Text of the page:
I realize that several of these choices might suit you equally well, and if that's the case, please just choose one of them at random; it doesn't even matter which. For all intents and purposes, I consider all but the first option to be definitive yesses, but I wanted to give some leeway for those who are too argumentative to admit that they're argumentative.
[And now I sit back and prepare for people to argue that "yesses" is not the correct plural of "yes."]
I'm in the "discussion, not argument" lot there. I realize that's pretty subjective, but that's where I would like to at least feel I stand.
I prefer to see it that way myself, but oftentimes my discussion is the other person's argument (something I'm not always quick to recognize).
The reason I posed the question is because I was thinking (based on something said in another thread) about the nature of confrontation. It occurred to me that, based on our choice of hobby, boardgamers might derive an abnormally high level of enjoyment from intellect-based confrontation. The results so far seem to be somewhat abnormal (a comfortable majority enjoy arguing), but it's hard to know for sure without doing a control group poll in a Very Normal Place - and I don't even know where that is!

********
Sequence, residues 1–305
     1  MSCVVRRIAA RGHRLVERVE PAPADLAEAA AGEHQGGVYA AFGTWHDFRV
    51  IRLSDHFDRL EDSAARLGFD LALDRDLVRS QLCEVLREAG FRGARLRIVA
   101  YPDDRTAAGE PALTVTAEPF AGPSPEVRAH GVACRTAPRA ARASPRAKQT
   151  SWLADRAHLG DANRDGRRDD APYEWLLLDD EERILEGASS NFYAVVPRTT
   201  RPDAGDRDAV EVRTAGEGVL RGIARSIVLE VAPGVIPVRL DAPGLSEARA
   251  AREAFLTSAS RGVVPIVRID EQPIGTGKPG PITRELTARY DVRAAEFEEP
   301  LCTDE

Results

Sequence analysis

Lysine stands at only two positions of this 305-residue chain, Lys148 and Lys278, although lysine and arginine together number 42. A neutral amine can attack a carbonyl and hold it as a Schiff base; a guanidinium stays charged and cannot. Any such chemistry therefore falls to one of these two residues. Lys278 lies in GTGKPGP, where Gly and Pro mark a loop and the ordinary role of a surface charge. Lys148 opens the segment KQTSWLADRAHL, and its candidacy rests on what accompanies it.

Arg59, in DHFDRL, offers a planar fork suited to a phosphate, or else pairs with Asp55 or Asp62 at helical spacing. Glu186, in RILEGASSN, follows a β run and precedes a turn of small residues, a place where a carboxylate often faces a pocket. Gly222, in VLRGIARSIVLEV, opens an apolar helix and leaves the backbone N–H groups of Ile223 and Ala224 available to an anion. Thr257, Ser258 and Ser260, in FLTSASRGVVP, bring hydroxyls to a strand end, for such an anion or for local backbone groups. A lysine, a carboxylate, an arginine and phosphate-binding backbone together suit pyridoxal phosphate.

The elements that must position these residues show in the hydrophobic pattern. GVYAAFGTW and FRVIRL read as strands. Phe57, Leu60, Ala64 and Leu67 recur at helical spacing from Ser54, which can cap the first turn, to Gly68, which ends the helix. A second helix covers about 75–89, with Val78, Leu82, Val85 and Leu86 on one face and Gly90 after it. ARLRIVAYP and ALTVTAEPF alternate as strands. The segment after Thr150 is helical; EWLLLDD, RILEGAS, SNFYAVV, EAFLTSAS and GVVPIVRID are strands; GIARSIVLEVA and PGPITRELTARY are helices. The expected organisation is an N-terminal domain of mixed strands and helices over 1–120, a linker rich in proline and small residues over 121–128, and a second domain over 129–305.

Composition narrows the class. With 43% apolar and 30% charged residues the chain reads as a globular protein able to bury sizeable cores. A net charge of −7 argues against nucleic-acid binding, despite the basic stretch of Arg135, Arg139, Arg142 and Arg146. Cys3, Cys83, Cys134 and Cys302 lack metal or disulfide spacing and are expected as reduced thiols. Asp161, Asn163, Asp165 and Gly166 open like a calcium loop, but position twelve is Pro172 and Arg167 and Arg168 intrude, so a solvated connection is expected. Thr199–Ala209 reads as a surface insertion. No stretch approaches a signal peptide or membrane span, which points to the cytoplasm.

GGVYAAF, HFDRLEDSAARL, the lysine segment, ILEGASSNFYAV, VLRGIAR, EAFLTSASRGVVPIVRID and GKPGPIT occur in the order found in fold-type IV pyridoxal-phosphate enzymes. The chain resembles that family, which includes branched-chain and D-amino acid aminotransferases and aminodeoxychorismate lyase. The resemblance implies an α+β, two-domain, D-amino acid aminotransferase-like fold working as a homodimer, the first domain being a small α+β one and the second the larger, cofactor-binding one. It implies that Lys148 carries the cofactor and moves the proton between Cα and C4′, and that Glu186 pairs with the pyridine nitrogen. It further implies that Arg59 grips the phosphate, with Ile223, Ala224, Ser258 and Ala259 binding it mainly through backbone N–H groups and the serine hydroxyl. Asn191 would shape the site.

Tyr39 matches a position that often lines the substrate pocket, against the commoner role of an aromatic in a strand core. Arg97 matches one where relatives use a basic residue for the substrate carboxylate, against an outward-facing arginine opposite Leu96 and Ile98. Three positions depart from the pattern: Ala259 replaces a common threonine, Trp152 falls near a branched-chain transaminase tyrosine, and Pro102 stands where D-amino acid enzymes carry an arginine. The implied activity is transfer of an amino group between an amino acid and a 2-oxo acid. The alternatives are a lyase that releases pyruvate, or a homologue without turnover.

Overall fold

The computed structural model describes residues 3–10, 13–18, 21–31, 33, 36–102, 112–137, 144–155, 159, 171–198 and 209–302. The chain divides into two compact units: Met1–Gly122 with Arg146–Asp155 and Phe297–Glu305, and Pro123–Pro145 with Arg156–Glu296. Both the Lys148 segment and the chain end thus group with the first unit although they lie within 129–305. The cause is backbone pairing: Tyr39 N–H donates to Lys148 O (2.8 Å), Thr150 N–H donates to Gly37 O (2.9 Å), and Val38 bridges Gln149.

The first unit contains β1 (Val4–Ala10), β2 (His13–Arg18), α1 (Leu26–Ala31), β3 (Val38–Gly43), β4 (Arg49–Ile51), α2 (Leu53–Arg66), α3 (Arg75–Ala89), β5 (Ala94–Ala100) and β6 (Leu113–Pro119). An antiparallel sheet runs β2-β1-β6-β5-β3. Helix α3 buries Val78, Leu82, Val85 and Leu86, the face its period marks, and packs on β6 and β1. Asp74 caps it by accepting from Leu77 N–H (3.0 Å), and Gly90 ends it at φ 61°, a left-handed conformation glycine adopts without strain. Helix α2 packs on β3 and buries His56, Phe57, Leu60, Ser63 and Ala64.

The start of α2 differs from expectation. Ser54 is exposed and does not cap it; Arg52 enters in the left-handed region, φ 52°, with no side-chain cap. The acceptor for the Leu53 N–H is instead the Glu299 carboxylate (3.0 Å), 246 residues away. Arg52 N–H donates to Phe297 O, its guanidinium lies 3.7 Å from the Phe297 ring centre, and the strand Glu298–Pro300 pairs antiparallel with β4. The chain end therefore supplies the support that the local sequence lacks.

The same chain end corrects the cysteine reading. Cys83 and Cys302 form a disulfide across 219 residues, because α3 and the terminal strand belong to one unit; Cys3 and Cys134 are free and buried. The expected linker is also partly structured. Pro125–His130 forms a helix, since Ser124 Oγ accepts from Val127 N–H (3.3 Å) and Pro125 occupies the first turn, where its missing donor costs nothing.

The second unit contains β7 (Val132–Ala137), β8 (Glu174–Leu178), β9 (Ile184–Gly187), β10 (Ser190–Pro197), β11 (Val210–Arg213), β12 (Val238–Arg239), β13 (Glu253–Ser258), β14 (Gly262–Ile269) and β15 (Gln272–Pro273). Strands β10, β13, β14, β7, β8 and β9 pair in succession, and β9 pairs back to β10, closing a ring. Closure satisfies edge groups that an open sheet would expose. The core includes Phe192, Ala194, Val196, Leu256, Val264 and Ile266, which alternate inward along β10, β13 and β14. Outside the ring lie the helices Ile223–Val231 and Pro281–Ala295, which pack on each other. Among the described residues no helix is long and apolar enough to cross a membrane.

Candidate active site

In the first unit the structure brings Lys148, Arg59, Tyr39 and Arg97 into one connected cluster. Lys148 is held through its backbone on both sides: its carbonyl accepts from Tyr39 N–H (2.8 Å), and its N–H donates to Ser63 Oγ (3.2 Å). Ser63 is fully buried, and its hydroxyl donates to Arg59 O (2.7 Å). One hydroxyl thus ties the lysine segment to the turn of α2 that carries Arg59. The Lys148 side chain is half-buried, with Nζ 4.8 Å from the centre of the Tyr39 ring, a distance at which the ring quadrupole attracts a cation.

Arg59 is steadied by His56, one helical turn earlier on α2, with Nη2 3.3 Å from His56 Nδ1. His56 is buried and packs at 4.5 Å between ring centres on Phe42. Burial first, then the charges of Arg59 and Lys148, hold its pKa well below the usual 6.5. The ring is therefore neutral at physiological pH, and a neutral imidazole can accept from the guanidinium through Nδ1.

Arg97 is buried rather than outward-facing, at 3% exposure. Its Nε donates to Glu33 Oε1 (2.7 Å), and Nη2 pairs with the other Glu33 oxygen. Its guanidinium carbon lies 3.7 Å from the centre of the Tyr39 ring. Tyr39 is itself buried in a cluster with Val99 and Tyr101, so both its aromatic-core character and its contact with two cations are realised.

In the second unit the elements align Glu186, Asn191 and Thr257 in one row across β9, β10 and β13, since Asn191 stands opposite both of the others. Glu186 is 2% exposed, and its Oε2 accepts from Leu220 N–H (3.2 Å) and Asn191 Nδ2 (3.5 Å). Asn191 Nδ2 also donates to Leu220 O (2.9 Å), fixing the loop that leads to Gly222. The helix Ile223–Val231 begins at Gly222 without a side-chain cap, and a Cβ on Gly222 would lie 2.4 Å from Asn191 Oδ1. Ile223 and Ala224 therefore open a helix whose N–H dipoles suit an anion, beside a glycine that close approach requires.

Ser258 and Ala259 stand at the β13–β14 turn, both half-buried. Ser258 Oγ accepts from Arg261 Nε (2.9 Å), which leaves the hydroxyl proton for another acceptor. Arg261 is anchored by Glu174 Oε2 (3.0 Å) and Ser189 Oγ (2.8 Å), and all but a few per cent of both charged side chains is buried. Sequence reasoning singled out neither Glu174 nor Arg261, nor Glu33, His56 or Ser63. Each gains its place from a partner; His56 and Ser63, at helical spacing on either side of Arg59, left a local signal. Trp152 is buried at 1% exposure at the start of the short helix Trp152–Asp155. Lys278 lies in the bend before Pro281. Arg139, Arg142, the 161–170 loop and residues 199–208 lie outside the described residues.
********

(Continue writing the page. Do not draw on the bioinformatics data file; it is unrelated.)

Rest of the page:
Are you considering argumentation to be a game? That's rather sophistic of you.
I like to argue, but with caveats that are not among the ones you list. I will only argue with someone I am unlikely to persuade if there's a potentially receptive audience. I generally give people the credit to assume they are amenable to reason unless they prove otherwise by their own words. Arguing with someone who repeats previously refuted claims, blatantly puts words in my mouth (not just by misunderstanding) or says things that can't be parsed is pointless drudgery. Don't judge a book by its cover, but don't cast your pearls before swine.
Arguing against some people can be very like playing a boardgame against an opponent who wilfully violates the rules.
I went with the discussion, not argument, option as well, but if possible I'd rather just avoid it. All too often people see it as some kind of confrontation where they're not allowed to back down once they've stated their case, and will stubbornly cling to it even after it's been proven wrong with a logical, well-reasoned counter argument (often even after the person who has made the better case has done the decent thing and tried to drop the subject). The key to a constructive rather than a destructive argument is knowing when to call it.
I enjoy arguments when I'm the one spectating them, not participating (I'm sadistic that way), but do enjoy discussions about various board gaming topics (sleeves, publishers, costs, strategies, genres, etc.), and others too (insurance, traffic, sci-fi, culture,etc.)
That, and arguing is also a type of game and it's amusing to see who gets the most victory points there, or in what order people get eliminated